It’s Friday, January 18, and some big league economists just came out in favor of a carbon tax.
If you don’t know what a carbon tax is by now, you clearly haven’t been reading this newsletter super closely … but we forgive you. A carbon tax is basically a fee on pollution. And one type, a revenue-neutral carbon tax, is a fee on pollution that returns the revenue to folks in the form of a check.
A group of 45 big-shot economists — including some who served both Democrat and Republican presidents — penned an op-ed for the Wall Street Journal this week voicing support for precisely this kind of tax. The roster includes the last four chairs of the Federal Reserve: Janet Yellen, Ben Bernanke, Alan Greenspan, and Paul Volcker, along with multiple Nobel Prize winners. One reason this bunch can get behind it (besides the expected economic reasons) is because some Republicans have gotten behind it, too.
If it sounds too good to be true, get this: While the tax would squeeze Big Oil’s profits, it would let them off the hook in other ways. This push is tied to the proposed tax advocated by the Climate Leadership Council (their website is linked at the bottom of the op-ed), which would roll back environmental regulations in exchange for the pollution price. That proposal would also shield fossil-fuel companies from liability lawsuits that seek to hold them responsible for damage caused by climate change.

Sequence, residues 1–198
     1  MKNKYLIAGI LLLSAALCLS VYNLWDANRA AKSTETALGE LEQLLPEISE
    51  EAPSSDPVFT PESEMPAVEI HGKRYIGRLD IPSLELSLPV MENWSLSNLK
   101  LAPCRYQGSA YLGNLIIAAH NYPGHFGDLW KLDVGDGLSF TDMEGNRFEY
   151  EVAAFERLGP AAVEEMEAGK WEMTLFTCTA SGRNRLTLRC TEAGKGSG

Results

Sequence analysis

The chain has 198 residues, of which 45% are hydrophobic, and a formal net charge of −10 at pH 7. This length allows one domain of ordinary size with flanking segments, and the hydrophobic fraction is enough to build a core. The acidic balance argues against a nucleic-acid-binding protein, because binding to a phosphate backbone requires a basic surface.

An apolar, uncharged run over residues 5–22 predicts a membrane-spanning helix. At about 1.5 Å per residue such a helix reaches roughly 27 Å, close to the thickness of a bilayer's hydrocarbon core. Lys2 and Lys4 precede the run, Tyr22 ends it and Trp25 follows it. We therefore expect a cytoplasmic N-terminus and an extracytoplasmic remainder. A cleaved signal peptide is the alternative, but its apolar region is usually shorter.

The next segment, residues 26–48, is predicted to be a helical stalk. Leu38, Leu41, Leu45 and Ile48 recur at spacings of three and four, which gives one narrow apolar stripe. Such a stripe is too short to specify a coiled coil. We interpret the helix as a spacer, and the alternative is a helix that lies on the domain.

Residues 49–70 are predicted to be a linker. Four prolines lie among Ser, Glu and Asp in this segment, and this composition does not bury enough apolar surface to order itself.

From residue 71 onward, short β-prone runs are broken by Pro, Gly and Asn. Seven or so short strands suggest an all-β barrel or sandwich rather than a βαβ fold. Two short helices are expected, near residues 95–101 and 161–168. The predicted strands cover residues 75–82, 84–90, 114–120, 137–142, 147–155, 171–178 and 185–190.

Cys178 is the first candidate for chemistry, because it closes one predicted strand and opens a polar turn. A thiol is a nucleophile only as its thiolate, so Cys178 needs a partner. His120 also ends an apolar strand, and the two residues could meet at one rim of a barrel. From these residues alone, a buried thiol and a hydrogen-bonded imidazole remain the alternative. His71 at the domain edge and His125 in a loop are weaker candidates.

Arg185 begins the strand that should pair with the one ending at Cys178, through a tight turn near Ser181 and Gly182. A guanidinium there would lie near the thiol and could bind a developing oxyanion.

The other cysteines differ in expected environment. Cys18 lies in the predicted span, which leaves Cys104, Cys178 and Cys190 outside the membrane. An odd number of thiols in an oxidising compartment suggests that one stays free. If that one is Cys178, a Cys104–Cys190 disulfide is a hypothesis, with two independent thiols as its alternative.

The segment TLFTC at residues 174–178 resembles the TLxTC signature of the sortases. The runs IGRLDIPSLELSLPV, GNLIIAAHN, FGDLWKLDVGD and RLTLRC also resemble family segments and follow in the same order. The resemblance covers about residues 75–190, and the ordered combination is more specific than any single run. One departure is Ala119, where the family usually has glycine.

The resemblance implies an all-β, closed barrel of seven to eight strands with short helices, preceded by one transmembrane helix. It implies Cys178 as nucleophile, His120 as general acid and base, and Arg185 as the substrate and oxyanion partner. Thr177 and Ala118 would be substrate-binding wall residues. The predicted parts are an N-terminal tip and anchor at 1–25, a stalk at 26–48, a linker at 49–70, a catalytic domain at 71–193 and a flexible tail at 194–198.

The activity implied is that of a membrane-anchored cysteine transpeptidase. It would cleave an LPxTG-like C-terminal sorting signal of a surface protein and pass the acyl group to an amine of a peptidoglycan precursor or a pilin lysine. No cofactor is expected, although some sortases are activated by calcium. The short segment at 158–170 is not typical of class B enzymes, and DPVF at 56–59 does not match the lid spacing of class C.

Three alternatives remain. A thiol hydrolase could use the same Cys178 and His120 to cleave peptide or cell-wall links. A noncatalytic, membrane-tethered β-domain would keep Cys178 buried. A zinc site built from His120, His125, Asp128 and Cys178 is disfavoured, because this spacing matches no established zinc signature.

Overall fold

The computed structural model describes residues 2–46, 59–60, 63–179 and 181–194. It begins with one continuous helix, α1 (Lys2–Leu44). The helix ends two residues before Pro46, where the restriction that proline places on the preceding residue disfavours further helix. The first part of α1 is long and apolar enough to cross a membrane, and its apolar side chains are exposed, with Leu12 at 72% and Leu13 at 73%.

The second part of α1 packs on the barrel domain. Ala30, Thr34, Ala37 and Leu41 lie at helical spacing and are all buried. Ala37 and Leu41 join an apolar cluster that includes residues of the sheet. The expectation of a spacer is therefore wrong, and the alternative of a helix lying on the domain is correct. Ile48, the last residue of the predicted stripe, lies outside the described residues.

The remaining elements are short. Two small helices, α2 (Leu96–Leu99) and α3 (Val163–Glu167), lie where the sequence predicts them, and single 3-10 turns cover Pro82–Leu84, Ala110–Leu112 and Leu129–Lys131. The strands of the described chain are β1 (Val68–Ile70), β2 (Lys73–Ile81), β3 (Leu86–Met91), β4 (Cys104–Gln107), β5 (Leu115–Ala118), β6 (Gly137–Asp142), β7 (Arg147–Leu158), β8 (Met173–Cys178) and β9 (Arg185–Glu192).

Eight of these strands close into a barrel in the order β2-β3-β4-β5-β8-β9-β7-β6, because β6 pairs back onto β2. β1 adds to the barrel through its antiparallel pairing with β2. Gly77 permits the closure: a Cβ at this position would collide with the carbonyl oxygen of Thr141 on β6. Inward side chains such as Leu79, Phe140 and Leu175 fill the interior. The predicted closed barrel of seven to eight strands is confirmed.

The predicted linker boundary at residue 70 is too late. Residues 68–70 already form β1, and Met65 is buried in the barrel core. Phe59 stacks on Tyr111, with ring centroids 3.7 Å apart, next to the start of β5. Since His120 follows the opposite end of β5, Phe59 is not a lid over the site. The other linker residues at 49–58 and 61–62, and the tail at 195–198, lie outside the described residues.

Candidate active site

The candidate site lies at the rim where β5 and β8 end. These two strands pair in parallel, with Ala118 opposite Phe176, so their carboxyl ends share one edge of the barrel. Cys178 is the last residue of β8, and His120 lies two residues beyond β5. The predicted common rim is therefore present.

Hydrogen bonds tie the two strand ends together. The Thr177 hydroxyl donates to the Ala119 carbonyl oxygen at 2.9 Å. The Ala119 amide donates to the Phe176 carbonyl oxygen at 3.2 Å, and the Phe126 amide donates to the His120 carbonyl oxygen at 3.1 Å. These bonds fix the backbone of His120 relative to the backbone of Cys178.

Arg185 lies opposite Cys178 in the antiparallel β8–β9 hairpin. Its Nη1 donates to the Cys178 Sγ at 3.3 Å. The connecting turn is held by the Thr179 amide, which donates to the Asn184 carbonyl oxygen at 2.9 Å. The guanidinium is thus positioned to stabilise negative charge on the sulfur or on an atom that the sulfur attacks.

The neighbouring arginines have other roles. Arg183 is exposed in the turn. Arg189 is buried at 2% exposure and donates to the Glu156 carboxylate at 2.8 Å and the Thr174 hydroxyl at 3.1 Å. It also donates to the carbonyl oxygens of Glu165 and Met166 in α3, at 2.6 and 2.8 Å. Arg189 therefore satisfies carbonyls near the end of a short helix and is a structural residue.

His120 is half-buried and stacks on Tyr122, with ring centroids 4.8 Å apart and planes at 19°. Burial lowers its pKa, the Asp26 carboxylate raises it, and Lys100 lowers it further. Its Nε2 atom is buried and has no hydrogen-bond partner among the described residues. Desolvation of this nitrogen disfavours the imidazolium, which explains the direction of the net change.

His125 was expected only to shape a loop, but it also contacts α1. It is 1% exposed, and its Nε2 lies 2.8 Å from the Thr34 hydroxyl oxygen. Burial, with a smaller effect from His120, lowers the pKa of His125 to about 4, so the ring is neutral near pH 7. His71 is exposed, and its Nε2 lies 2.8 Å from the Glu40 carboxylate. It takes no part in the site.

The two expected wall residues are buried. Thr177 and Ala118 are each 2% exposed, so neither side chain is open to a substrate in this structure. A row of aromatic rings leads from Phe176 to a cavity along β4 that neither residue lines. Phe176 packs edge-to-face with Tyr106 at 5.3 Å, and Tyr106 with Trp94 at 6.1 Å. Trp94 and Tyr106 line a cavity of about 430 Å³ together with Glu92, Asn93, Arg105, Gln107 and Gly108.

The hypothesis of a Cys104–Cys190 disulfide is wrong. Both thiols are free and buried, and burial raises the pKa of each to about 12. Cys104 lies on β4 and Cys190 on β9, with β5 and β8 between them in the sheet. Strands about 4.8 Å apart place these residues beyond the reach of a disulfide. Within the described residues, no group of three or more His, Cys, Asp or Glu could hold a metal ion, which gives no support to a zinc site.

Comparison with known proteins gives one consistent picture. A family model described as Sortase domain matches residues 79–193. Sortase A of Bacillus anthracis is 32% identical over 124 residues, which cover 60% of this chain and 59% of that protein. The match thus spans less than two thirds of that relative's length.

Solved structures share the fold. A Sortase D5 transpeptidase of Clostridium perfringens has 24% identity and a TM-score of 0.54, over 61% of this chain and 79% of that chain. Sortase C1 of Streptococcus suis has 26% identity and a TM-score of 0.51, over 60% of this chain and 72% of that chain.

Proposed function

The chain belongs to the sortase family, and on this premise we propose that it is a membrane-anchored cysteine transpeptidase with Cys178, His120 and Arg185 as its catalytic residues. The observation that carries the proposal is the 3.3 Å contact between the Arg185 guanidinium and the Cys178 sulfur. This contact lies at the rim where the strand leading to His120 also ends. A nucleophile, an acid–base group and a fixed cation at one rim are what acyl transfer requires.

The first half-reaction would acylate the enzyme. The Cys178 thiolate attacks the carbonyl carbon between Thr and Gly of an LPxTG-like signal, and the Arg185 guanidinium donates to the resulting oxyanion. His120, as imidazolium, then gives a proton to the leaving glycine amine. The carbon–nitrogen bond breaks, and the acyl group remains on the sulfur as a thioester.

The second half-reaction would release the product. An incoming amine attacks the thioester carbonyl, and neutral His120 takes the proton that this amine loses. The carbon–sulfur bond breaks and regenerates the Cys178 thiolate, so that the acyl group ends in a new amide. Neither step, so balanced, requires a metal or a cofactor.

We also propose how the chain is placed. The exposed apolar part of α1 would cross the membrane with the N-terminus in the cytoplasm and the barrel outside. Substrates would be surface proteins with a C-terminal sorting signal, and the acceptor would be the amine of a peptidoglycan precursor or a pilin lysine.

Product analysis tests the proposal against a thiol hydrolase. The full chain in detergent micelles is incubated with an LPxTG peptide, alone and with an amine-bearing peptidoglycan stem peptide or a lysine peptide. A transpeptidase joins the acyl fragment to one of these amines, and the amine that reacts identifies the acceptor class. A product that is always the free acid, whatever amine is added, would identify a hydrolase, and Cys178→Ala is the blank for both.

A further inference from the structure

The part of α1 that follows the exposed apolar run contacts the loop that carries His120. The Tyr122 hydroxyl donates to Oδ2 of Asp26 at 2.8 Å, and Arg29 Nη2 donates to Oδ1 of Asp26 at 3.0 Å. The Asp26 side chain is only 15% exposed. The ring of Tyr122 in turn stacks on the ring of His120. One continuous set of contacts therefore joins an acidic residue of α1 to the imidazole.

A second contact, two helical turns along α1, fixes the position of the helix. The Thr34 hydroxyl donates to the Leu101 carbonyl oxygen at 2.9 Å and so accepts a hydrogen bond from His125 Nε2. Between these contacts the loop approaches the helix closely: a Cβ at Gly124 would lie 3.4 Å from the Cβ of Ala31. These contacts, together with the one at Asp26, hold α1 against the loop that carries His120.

Is the proposal perfect? No. Is it heartening that these economic big-hitters are in our climate corner? Def.
The federal government shutdown has dragged on for 28 days now, suspending vital services that keep the country running. The latest example: The shutdown is delaying recovery efforts in Paradise, California, a town burned down by wildfires last November. Paradise is waiting for $750,000 in disaster grants from a largely closed bureau within the U.S. Department of Commerce.
Looking to pay off a $1.4 billion debt, a Colorado coal company is now cutting health insurance and freezing pensions for retirees. Westmoreland Coal Co., one of many mining companies to go bankrupt recently, has also proposed abolishing union contracts in an effort to pay off its debts.
Meanwhile, coal-fired power plants are leaching toxic pollutants into the groundwater in Texas. A report from the Environmental Integrity Project analyzed on-site groundwater monitoring data and found hazardous levels of poisons like arsenic, boron, cobalt, and lithium that in some cases far exceeded federal safety benchmarks.